Jamuna Samuel

Lecturer A
Room 303, Music Building

My research deals with music of the twentieth and twenty-first centuries, especially in Italy. Revisiting issues of influence and intertextuality from an interdisciplinary perspective, my current project involves a central composer of Novecento, Luigi Dallapiccola, investigating his impact on subsequent generations of the Italian and American avant-garde. I focus on text-music analysis, interweaving it with historical-political considerations and ultimately with a Gramscian interpretation of issues of ethics and aesthetics. Other research and teaching interests include film music and sound, performance/analysis issues, and listening in literature (particularly in Calvino/Berio). My work has been funded by grants from the Mellon Foundation, Stony Brook University, and The Gladys Krieble Delmas Foundation for research in Venice.

Publications include those appearing in Rivista di analisi e teoria musicale, Indiana Theory Review, Intersections, and forthcoming in Singing Signs: New Semiotic Explorations of Opera (eds. Shafter and Decker) and Utopian Listening: The Late Electroacoustic Music of Luigi Nono: Technologies, Aesthetics, Histories, Futures among others. Paper presentations include those given at the national meetings of the American Musicological Society and the Society for Music Theory.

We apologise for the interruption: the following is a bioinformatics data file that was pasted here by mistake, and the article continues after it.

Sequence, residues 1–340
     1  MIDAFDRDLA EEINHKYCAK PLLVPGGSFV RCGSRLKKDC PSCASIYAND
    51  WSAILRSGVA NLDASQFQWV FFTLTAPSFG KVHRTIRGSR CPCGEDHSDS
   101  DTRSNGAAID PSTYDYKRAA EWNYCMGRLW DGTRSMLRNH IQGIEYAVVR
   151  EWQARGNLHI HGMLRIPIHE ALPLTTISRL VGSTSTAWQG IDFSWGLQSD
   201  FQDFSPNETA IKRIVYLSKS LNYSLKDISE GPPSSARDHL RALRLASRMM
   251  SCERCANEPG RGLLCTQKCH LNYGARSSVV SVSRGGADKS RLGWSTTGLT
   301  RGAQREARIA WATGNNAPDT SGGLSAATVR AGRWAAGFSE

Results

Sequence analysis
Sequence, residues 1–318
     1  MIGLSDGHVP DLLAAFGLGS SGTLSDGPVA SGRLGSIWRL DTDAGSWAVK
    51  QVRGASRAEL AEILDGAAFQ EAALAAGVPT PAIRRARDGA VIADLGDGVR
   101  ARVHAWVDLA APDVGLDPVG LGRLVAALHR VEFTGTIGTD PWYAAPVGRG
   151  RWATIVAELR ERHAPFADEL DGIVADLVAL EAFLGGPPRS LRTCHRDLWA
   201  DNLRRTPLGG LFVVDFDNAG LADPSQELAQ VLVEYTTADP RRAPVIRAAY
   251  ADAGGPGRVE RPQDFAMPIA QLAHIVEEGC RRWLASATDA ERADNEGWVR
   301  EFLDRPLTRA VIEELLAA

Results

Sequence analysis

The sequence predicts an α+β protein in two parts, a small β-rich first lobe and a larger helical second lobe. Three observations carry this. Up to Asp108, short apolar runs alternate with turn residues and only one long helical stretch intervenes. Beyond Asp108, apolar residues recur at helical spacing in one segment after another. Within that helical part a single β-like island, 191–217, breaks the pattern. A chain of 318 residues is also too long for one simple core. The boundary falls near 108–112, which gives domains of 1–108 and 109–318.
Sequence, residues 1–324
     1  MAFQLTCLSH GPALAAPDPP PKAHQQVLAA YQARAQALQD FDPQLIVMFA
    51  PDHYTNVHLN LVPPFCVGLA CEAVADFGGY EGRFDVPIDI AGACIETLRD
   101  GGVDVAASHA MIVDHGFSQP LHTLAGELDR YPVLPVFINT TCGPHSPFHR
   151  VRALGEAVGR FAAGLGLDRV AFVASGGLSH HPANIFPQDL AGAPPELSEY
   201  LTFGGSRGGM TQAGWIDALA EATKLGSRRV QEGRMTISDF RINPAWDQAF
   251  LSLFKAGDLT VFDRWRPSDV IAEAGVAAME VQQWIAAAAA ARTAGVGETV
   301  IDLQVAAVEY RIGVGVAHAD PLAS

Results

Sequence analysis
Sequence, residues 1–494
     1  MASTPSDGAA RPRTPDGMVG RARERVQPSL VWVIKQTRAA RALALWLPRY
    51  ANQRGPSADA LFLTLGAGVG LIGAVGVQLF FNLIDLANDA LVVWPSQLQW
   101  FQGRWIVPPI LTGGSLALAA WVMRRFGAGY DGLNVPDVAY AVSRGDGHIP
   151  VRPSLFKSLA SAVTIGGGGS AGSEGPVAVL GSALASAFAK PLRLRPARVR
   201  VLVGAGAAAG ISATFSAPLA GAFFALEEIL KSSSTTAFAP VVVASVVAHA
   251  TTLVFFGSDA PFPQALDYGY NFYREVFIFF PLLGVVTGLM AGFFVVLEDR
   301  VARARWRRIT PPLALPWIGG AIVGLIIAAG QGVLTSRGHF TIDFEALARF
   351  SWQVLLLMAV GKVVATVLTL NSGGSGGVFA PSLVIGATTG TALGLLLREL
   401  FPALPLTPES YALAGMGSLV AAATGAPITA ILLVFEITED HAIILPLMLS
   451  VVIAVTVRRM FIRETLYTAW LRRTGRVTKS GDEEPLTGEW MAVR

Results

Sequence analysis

Previous positions include visiting assistant professor at Stony Brook University and Wellesley College, leading undergraduate and graduate (PhD and DMA) courses on tonal and post-tonal theory and analysis, film music, the history of twentieth-century music, opera, Italian popular and folk traditions, the role of performers and institutions in the history of music, and performance/analysis issues. I have also been visiting faculty at Rutgers University, teaching in the graduate program in Theory and Composition.

I serve as Secretary of the Music Theory Society of the Mid-Atlantic (MTSMA) and on the board of Philadelphia’s Network for New Music (dedicated to performing works of living composers). In 2016, I organized a six-day interdisciplinary and inter-institutional exploration of the music of Berio, entitled Circles Around Sinfonia, including lectures, classes, panel discussion, and performances and in collaboration with The Curtis Institute of Music, Temple University, and Bowerbird. I collaborate with Penn’s Music Library and Kislak Collection around the Marian Anderson archive, planning for a 2018 study day in conjunction with performances and community outreach.

I am resident faculty of Rodin College House. Related to my joint roles in the Department and the College House, I am involved with Penn’s nascent Music Fellows programs (undergraduate and professional); I served on the founding committees and continue on the selection committee.

Courses Taught: 

Music 032, Composers:  Post 1945: Berio

Music 070, Introduction to Music Theory

Music 081, Film Music and Sound, to be offered in S18, cross-listed with Cinema Studies and Italian Studies

 Music 170, Theory and Musicianship I

Music 171, Theory and Musicianship II

Music 236, String Quartet, Performance and Analysis  (in collaboration with the Daedalus Quartet)